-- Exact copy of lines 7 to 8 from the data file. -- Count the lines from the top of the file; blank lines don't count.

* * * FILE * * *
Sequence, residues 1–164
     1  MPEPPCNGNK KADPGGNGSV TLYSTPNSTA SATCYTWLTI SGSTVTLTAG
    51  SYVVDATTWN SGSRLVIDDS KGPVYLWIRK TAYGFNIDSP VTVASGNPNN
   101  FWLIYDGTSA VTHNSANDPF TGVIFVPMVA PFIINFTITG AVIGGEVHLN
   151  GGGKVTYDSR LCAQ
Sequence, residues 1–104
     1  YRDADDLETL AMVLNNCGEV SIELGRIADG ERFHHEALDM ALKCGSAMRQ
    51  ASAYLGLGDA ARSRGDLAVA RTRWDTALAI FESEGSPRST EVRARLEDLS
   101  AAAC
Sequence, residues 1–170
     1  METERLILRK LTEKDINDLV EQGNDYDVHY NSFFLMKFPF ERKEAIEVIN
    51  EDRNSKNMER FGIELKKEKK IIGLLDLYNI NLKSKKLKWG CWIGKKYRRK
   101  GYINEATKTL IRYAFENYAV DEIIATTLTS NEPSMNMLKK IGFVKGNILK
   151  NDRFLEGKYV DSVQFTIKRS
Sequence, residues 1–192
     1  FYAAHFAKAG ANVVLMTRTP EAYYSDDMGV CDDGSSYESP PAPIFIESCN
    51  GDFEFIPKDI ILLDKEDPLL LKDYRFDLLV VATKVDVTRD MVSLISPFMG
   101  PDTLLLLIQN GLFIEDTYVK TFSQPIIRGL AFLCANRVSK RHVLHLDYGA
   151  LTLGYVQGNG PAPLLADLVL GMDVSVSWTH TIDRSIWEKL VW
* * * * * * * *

     1  YRDADDLETL AMVLNNCGEV SIELGRIADG ERFHHEALDM ALKCGSAMRQ
    51  ASAYLGLGDA ARSRGDLAVA RTRWDTALAI FESEGSPRST EVRARLEDLS